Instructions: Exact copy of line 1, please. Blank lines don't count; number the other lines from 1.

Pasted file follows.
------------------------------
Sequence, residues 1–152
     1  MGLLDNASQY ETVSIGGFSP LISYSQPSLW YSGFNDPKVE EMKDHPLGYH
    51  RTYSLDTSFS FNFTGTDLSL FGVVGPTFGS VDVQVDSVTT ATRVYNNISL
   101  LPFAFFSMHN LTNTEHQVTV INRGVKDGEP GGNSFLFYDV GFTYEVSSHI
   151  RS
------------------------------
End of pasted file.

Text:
Sequence, residues 1–152